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Number: 3950
Continent: Africa
Region: North
Place Names: Sudan, Djbouti, Red Sea, Hormuz
Year of Origin: 1772
Title: (Southern) Part of the Red Sea. Philos Trans Vol LXII Tab III
Language: English
Publish Origin: London
Height: 67.0
Width: 49.5
Units: centimeters
Size Class.: Medium
Scale: 1 : 1,790,000
Color Type: No Color
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Cartographer: Charles Newland
Engraver: Isaac Basire
James Basire
Publisher: Philosophical Transactions Royal Society of London
Other Contributors:
Northernmost Latitude: 22.6
Southernmost Latitude: 12.0
Westernmost Longitude: 35.75
Easternmost Longitude: 44.0
Measurement Notes: modern estimates
Notes: [Ruderman source39310] James Basire was son of Issac Basire family of engravers; Finely executed map of the southern part of the Red Sea, which was published in A Letter to the Rev. Mr. Maskelyne, Astronomer Royal, F. R. S. [Fellow of the Royal Society of London] Accompanying a New Chart of the Red Sea, with Two Draughts of the Roads of Mocha and Judda, and Several Observations Made during a Voyage on That Sea, by Capt. Charles Newland (January 1, 1772), published in the Philosophical Transactions of the Royal Society of London. [distinctly prior to the formation of the Royal Geographical Society 1830] The map depicts information obtained by Captain Charles Newland from a map which he acquired during his stay in the West Indies. Newland noted that with exception of the mislocation of the Abyssinian Coastline, approxmately 25-30 miles too far to the west, it was the best chart he ever saw for the region. The map extends to JePhiddah in the north and focuses on the islands, shoals and coastlines of the southern part of the Red Sea, with a number of ports locating the profiles of several mountains shown. The map is one of the earliest contributed by Charles Newland to British Hydrographical charting. His name is associated with a number of charts published in the following 2 decades,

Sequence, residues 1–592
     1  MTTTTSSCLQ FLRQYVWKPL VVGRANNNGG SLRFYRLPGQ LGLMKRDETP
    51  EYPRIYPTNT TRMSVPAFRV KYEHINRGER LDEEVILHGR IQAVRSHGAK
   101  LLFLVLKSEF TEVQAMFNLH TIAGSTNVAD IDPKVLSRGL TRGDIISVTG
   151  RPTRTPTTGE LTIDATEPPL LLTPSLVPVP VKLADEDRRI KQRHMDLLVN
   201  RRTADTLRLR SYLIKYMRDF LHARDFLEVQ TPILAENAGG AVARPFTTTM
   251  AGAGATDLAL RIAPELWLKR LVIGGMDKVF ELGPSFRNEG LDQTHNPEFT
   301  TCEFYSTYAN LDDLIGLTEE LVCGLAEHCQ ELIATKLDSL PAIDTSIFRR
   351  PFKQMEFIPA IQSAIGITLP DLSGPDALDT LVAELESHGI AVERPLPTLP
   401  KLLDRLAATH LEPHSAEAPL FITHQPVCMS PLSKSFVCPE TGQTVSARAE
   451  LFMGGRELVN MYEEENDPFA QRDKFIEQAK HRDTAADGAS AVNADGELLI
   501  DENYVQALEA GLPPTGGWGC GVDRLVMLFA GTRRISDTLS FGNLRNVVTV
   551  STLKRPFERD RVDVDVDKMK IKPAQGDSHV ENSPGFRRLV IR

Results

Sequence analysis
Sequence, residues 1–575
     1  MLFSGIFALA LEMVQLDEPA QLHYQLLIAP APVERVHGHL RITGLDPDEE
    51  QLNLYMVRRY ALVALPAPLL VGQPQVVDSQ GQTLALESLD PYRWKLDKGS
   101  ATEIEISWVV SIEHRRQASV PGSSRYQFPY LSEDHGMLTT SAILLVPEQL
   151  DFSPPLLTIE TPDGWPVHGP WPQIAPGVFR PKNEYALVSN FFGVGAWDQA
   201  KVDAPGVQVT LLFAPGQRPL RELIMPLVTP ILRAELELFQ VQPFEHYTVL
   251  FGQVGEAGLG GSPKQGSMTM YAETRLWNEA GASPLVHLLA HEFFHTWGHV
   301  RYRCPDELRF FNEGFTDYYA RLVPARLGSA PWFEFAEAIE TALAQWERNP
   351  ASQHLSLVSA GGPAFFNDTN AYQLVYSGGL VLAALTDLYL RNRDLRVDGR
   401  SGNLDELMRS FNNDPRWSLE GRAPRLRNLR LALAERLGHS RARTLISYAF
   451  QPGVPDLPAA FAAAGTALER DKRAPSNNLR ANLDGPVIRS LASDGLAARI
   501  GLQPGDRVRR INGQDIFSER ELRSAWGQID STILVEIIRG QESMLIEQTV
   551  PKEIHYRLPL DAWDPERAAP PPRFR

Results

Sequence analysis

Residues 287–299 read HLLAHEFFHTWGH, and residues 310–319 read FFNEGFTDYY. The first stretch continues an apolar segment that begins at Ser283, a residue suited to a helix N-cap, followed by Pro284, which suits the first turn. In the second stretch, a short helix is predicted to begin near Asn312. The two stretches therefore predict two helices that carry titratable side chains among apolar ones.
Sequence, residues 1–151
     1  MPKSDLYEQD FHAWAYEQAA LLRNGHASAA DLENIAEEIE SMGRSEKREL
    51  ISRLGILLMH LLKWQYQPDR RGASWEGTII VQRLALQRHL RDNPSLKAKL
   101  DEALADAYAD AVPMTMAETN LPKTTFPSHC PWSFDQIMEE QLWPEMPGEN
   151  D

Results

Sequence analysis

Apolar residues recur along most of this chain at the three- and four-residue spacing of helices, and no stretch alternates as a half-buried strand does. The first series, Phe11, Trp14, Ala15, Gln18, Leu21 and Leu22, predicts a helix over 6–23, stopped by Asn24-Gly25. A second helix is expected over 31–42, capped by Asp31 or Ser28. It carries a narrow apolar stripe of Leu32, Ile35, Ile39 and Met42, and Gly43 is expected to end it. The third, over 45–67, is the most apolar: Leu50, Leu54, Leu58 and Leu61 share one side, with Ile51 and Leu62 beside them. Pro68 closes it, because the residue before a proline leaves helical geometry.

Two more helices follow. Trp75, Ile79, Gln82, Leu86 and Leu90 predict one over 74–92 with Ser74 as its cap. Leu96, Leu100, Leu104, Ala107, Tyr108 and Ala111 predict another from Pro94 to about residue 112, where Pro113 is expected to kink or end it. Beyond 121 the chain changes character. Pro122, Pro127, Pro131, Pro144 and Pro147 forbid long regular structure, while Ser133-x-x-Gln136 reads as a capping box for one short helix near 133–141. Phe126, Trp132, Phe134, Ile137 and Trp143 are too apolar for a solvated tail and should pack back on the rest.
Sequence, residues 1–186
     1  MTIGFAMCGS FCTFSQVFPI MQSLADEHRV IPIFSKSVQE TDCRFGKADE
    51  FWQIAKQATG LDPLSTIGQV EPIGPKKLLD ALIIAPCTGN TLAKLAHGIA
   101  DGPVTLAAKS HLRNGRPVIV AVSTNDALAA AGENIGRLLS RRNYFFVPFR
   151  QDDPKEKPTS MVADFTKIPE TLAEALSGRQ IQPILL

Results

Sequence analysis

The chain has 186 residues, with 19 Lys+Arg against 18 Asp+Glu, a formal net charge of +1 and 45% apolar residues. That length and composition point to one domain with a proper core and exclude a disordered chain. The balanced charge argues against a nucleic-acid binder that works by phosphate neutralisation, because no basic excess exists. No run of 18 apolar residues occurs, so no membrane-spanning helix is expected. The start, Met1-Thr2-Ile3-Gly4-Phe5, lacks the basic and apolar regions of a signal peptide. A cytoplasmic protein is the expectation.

Last updated: Feb 5, 2022